To confirm the findings from our studies with the REN cell lines, mouse endothelial cells were treated with the anti‐mouse PECAM‐1 antibodies, MEC 13.3 and 390. These antibodies were employed because of previous studies indicating they have differential effects on PECAM‐1‐dependent adhesion (Chacko et al. 2012). This was confirmed to be the case as mixed aggregation studies with REN‐MP cells demonstrated that the population of homophilic aggregates was diminished by MEC 13.3, whereas 390 enriched the population of homophilic aggregates (at the expense of heterophilic aggregates) (Fig. 10A). The activities of MEC 13.3 and 390 replicated, respectively, the activity REN‐MPΔHom and REN‐MPΔHet in mixed aggregation studies (Fig. 2) and thus confirm the specificity of MEC 13. 3 and 390 in, respectively, blocking PECAM‐1‐dependent homophilic and heterophilic adhesion.
We subsequently determined that both antibodies inhibited H5V mouse EC migration (Cao et al. 2009) and filopodia extension (Fig. 10B and C). We further observed that while Cdc42 activity was significantly decreased by either antibody (Fig. 10D), MEC 13.3 (homophilic blocking) but not 390 (heterophilic blocking) suppressed the concentration of PECAM‐1 in the tips of filopodia (Fig. 10E) of primary mouse ECs. Thus while PECAM‐1 was frequently detected in the tips of extended filopodia of cells treated with IgG or 390 (30 ± 0.3 and 25 ± 1, %of filopodia, respectively), this was much less frequently noted in the MEC 13.3 treated cells (10 ± 1% of filopodia; n = 3, P < 0.0001 compared to IgG or 390; for each experiment at least 35 filopodia >20 μm were analyzed). These data with mouse ECs confirm the findings from the REN cell lines and provide further evidence for the differential involvement of PECAM‐1‐ligand interactions in PECAM‐1‐dependent motility and the extension of filopodia.
To define the involvement of PECAM‐1 ligand binding in PECAM‐1‐dependent cell migration, we performed studies with REN cells expressing wild‐type mouse PECAM‐1 or mouse PECAM‐1 in which either homophilic or heparin/GAG‐mediated heterophilic ligand binding had been disabled. We found that PECAM‐1‐dependent cell migration was inhibited by disruption of either PECAM‐1‐mediated homophilic or heparin/GAG‐dependent heterophilic ligand interactions. This inhibition in cell motility was independent of PECAM‐1 tyrosine phosphorylation or changes in the dynamics of focal adhesions. Instead, we observed that disabling homophilic or heparin/GAG‐mediated heterophilic ligand binding of PECAM‐1 inhibited the extension of filopodia and the activation of Cdc42. We also found that PECAM‐1 concentrated at the tips of extended filopodia, an effect that was mediated through homophilic interactions. Importantly, similar patterns of activities were observed in studies of murine ECs treated with antibodies that were confirmed to be specific in their blocking of mouse PECAM‐1 homophilic or heterophilic adhesion.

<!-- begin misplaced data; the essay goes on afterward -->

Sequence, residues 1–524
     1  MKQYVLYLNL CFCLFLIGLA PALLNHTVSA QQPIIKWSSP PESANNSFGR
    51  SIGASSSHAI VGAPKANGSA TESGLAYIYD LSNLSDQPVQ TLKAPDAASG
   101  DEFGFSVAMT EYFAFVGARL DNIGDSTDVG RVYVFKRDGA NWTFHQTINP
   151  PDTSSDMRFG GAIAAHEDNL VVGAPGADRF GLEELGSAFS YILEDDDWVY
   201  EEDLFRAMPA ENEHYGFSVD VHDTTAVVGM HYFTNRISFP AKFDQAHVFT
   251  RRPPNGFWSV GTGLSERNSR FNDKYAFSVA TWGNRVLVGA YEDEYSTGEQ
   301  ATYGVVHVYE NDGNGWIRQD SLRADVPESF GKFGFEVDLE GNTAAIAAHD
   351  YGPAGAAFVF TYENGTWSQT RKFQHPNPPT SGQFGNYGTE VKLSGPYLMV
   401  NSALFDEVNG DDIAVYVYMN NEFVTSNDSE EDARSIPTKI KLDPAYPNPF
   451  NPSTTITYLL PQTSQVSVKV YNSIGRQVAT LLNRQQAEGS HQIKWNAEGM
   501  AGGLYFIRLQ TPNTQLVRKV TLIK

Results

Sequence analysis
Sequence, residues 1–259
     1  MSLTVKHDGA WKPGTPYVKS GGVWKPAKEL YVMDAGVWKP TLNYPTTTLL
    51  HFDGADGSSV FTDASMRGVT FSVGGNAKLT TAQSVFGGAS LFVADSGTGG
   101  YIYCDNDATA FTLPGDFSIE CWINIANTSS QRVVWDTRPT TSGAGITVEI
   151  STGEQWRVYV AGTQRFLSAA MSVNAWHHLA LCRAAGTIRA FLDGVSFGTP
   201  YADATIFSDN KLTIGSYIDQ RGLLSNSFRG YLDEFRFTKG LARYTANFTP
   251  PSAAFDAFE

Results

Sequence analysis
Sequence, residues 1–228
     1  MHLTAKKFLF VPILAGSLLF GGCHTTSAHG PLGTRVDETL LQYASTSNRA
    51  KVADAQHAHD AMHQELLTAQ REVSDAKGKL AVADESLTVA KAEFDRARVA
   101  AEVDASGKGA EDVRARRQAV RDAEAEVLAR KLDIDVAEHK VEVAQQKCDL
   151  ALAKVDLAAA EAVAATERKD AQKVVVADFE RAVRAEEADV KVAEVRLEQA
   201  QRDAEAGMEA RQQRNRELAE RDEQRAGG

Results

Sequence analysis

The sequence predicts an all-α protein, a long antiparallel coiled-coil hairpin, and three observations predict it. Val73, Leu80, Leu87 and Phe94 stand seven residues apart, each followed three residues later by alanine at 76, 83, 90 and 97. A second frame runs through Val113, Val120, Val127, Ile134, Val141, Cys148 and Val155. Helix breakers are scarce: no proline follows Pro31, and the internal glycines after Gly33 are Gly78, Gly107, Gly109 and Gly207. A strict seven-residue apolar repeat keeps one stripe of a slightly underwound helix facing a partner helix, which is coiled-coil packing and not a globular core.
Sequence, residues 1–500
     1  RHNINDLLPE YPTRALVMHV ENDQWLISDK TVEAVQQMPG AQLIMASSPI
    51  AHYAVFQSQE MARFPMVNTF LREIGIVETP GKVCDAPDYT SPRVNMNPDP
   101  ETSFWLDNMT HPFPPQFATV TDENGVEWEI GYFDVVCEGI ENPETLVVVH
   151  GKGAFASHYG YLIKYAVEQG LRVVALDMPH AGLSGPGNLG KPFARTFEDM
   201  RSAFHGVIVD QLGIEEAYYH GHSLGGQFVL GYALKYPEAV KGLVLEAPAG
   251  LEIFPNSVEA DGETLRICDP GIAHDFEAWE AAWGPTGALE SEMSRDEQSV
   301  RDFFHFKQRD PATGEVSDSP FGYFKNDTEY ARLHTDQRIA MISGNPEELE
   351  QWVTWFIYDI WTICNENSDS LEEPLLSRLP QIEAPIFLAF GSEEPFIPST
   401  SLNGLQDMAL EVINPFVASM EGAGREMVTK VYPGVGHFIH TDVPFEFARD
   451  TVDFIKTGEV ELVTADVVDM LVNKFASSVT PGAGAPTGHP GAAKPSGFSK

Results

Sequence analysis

A variety of model systems have implicated a role for PECAM‐1 in in vivo angiogenesis (DeLisser et al. 1997, 2006; Zhou et al. 1999; Cao et al. 2002, 2009; Solowiej et al. 2003; Dimaio et al. 2008), an activity mediated through an ability to stimulate or enhance endothelial cell motility (Cao et al. 2002, 2009; O'Brien et al. 2004; Kondo et al. 2007; Garnacho et al. 2008; Zhu et al. 2010). In terms of understanding the mechanistic, molecular basis for this activity, studies to date have focused on the role of PECAM‐1‐dependent signaling. These studies suggest that PECAM‐1 tyrosine phosphorylation mediates the recruitment and the activation of the tyrosine phosphatase SHP‐2, which in turn promotes the turnover of focal adhesions as well as the extension of filopodia, phenomena that are integral to cell motility (Gupton and Gertler 2007; Mattila and Lappalainen 2008).